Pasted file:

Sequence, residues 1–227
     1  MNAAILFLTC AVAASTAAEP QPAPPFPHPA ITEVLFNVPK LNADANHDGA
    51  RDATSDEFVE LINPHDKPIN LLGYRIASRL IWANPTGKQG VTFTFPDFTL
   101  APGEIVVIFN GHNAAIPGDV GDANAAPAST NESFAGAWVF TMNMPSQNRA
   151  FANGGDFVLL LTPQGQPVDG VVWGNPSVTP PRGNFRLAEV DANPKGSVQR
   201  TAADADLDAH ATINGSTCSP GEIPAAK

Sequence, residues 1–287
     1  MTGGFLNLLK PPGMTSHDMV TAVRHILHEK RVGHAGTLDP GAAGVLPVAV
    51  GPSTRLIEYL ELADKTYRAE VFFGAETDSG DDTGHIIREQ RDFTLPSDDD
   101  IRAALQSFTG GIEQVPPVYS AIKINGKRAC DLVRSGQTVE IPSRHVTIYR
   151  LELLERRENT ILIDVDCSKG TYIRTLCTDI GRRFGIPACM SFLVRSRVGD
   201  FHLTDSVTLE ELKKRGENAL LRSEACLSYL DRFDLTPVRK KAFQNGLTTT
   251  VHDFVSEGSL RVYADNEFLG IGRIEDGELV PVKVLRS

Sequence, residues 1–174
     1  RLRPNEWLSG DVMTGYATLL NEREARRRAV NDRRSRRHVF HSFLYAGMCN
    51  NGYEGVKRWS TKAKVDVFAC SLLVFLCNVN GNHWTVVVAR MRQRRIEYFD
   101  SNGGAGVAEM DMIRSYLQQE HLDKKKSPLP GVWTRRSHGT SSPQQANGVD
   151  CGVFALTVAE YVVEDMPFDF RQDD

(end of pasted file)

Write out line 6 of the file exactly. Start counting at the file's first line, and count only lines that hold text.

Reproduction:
   201  TAADADLDAH ATINGSTCSP GEIPAAK